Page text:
Prerequisite: Six credits of First Year English or Arts One or Foundations.
English 301 is offered as a fully online course. The use of a computer and ready access to an Internet connection are required.
English Grammar and Usage
The English 321 course provides an introduction to English grammar and its use in everyday communication. We take a descriptive stance when considering the rules of grammar, starting with the study of words and their parts, proceeding to word classes, phrases and clauses, and concluding with the different communicative functions that grammatical structures can perform when we package information in particular ways. This course equips students with skills to identify and describe the effects of derived or deviant structures in various communicative situations and provides a strong basis for further study of the English language and of literary and non-literary stylistics as well as for teaching English. The course includes numerous exercises analyzing sentences and chunks of discourse. There are four short collaborative assignments, two monthly tests, and a final exam counting 30% of the final grade.
The prescribed books are Börjars & Burridge (2010) and Leech, Deuchar and Hoogenraad (2006). More details are available on the course website on canvas.ubc.ca.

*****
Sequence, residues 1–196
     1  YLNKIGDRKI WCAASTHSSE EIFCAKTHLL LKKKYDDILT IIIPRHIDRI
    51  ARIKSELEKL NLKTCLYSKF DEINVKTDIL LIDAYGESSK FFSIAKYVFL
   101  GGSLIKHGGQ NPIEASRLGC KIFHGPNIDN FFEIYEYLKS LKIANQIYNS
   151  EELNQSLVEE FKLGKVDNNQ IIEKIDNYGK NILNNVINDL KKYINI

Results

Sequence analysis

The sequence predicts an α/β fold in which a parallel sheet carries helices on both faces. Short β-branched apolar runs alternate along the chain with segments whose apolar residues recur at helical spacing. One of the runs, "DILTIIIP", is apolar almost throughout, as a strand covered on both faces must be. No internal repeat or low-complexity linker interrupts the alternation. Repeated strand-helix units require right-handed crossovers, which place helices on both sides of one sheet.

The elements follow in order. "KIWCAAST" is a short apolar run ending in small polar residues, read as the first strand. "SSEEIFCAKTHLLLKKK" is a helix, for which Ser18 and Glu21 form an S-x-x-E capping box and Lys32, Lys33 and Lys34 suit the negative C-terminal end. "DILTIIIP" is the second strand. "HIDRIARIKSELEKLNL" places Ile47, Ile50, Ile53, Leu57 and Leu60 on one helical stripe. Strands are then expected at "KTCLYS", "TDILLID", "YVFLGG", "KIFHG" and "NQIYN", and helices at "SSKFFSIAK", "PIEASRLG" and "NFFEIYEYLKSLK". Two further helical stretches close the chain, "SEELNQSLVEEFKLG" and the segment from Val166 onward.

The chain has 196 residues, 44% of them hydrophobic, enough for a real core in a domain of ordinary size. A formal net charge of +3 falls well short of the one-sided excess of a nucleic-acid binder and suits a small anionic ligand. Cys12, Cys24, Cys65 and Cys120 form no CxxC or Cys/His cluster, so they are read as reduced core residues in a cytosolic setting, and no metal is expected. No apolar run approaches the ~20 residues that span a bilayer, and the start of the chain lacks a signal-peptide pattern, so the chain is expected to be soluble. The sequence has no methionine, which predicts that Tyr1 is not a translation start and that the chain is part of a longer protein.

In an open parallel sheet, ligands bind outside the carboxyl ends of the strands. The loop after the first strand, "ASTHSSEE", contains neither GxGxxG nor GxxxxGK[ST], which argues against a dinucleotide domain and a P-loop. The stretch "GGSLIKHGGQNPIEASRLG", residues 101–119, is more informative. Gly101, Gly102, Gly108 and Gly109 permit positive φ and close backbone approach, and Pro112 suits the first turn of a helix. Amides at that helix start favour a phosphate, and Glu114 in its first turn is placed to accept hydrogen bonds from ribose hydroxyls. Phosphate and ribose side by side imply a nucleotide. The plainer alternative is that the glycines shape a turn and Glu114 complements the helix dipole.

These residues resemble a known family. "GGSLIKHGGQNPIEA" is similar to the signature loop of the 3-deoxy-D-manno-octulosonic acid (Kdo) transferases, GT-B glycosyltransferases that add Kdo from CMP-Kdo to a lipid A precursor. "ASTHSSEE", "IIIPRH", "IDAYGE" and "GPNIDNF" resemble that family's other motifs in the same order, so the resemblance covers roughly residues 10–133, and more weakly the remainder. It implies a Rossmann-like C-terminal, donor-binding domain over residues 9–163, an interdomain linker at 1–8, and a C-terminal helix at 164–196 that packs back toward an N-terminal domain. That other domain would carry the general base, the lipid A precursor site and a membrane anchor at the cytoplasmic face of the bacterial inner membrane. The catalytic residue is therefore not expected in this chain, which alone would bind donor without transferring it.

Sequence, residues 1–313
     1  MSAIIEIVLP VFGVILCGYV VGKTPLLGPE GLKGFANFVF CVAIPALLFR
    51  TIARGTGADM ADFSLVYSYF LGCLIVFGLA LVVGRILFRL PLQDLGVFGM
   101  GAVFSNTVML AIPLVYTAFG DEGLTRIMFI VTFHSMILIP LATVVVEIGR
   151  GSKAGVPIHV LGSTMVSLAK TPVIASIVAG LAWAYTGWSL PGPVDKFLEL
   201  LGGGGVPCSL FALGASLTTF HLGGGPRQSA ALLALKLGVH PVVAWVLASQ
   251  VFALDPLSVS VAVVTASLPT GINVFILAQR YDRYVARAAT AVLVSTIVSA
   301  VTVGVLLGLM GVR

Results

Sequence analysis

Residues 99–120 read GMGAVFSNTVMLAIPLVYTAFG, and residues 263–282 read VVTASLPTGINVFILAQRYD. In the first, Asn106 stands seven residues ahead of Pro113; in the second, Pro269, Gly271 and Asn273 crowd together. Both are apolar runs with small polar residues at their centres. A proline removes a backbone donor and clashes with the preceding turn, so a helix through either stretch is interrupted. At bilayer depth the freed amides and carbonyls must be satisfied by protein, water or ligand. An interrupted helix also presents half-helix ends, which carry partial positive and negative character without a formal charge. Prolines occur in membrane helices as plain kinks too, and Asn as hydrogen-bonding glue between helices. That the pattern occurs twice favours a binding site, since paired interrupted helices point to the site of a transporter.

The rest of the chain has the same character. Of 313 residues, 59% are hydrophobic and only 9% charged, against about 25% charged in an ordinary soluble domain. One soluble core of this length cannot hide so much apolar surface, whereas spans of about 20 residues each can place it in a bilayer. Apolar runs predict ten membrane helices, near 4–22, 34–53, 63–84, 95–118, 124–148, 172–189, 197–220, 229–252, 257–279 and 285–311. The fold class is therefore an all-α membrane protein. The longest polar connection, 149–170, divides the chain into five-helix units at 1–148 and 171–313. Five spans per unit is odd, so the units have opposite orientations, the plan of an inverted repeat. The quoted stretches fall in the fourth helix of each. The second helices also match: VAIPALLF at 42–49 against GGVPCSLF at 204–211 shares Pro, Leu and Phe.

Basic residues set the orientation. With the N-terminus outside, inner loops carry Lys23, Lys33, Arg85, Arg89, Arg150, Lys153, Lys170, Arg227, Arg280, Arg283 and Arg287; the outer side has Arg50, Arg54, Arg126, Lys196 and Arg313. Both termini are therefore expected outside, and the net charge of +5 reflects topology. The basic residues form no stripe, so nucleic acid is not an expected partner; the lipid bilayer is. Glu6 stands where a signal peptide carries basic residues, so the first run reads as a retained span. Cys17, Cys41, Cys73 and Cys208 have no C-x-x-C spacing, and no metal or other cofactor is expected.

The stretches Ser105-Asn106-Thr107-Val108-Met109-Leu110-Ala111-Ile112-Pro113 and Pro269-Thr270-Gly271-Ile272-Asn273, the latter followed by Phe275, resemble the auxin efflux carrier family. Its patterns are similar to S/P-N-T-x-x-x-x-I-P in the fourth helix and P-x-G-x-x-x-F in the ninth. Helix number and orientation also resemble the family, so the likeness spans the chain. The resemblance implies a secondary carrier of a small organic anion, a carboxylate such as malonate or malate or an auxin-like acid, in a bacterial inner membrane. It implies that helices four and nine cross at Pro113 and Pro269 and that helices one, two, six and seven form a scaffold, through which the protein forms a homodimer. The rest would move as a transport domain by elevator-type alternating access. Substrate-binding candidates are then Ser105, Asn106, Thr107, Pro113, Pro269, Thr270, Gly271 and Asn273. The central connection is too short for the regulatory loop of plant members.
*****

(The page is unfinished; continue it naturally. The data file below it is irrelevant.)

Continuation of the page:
The Structure of Modern English: Sounds & Words
This course provides a comprehensive introduction to English phonology, morphology, parts of speech, and lexical (word) meaning. We start by studying the smallest units of language, speech sounds, and work our way up to larger structures until we reach the level of words and their meanings. Students are required to become proficient in phonetic transcription, including becoming familiar with the International Phonetic Alphabet as it pertains to present-day varieties of English. The course is offered from a descriptive perspective, an approach not situated exclusively in any specific linguistic theory. There are three collaborative assignments, six quizzes, and a final exam counting 40% of the final grade. The prescribed book is Brinton & Brinton (2010). More details are available on the course website on canvas.ubc.ca.
MW, 6:00 PM-9:00 PM